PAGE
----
The Vanishing Chaparral

Thirty Years Ago
JIM FROM Mom’s Saloon December 8 after Christmas party. Remembering your blue eyes and smile. You haven’t phoned. Let’s go ride wild horses. Country Sue.

BRIAN JONES, his ideas stolen, his strengths diminished, his character destroyed, picked clean then discarded. Who’s to blame Mick? You must answer.

JAY - SAM’S sexy meatball, Breakout, Spielberg, aromatic Ted, Steely Dan, deer on Bear Mountain, roses, transcontinental talks. Sharing life with you brings such joy! K.
CLASSIFIEDS, January 17, 1980

Twenty-Five Years Ago
Dear Matthew Alice:
When the state/Caltrans built the O.B. Freeway, why didn’t they put a ramp from Ocean Beach I-8 east to I-5 north? Sea World Drive is a pain!
Brad Cronk, Ocean Beach

Rather than spend all this money on elaborate interchanges, planners thought, there was a simple solution: build the interchange at Sea World Drive and have Ocean Beach residents get to and from their community via that interchange. The city planners’ eyes were cast eastward anyway, since grand schemes were being devised for the Tecolote Canyon area, and it was thought at the time that more people would be driving east along Tecolote Road. But there’s that old maxim about best-laid plans, and expansionism was nipped in the bud (or somewhere painful, you can bet). Tecolote Canyon was kept as an open space, and engineers went back to their drawing boards.
STRAIGHT FROM THE HIP, Matthew Alice, January 17, 1985

Twenty Years Ago
The Reader cover article about eucalyptus trees (“Eucalyptus It Is,” December 14) made some good points, but its general tone was misleading. Contrary to an analogy attempted by the article’s author, a concern for San Diego’s native plants is not akin to xenophobia. The eucalyptus tree’s relationship to the plants it displaced is not like the relationship of Mexican or Chinese immigrants to white American culture. A better analogy would be made by comparing the eucalyptus to the Spanish conquistadors: the Spanish destroyed the native American cultures in their path, just as eucalyptus trees destroy native plant communities by causing increased alkalinity in the soil.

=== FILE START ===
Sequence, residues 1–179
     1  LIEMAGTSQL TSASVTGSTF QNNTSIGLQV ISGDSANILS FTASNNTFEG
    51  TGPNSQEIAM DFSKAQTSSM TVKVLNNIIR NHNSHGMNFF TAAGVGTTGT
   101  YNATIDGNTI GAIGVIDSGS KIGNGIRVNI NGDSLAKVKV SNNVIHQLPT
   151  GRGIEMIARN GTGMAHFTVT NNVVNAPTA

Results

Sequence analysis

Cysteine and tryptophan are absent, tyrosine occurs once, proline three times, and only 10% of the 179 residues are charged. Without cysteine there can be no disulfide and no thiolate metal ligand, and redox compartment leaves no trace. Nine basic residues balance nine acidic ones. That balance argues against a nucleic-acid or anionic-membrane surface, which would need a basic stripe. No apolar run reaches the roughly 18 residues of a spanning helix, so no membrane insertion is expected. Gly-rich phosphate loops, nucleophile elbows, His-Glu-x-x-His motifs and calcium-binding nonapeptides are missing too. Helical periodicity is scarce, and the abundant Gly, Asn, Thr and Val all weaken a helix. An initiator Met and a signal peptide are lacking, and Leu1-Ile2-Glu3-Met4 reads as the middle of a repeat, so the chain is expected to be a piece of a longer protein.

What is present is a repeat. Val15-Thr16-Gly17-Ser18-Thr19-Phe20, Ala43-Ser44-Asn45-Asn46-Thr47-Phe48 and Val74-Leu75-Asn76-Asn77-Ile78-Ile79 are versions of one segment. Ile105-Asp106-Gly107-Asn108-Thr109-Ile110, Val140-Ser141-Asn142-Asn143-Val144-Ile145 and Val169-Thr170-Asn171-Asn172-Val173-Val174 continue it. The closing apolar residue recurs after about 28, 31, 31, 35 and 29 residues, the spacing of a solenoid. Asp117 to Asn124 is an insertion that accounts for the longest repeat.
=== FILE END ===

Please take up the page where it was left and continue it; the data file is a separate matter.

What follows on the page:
LETTERS: “THE VANISHING CHAPARRAL,” Jared Aldern, Julian, January 18, 1990

Fifteen Years Ago
With the rise of the computer and its so-called modem-linked “virtual community,” even the white heterosexual professional can take steps to rid himself of L.A. anomie. Screen names and netiquette or la.general to complain about lousy service at Burger King, recommend good dim sum, find a good body shop, or play the oldest game on earth. That is, finding a girl.

Yesterday a friend tells me that Debbie Mazar — yes, TV’s Debbie Mazar — says several of her friends have found boyfriends on the Internet. That’s right: attractive, successful, intelligent women troll the Internet.
HELL.A., Adam Parfrey, January 12, 1995

Ten Years Ago
An affiliate of the San Diego–based diet-drug company Metabolife — already California’s sixth-largest donor of soft money to national political campaigns — has written a $25,000 check to a committee set up to benefit the U.S. Senate bid of Hillary Rodham Clinton. Metabolife International, Inc., is one of several big-money givers to the National Democratic Party’s “New York Senate 2000” committee, which was created to allow Hillary Clinton to collect corporate donations and those greatly in excess of the $2000 limit imposed on individuals.
CITY LIGHTS: “HILLARY’S BENEFACTORS,” Matt Potter, January 13, 2000

Five Years Ago
Superintendent Alan Bersin has sold his Point Loma house and moved into a manse down the hill in La Playa, overlooking San Diego Bay. The controversial school honcho got $1,250,000 in September when he sold the house he bought for $535,000 ten years ago. He’s moved into a home owned by greengrocer Ron Cohn, owner of Henry’s market in Chula Vista.
CITY LIGHTS: “HIGH-INCOME HOUSING,” Matt Potter, January 13, 2005

Share / Tools

  • Facebook
  • Twitter
  • Google+
  • AddThis
  • Email

More from SDReader


Log in to comment

Skip Ad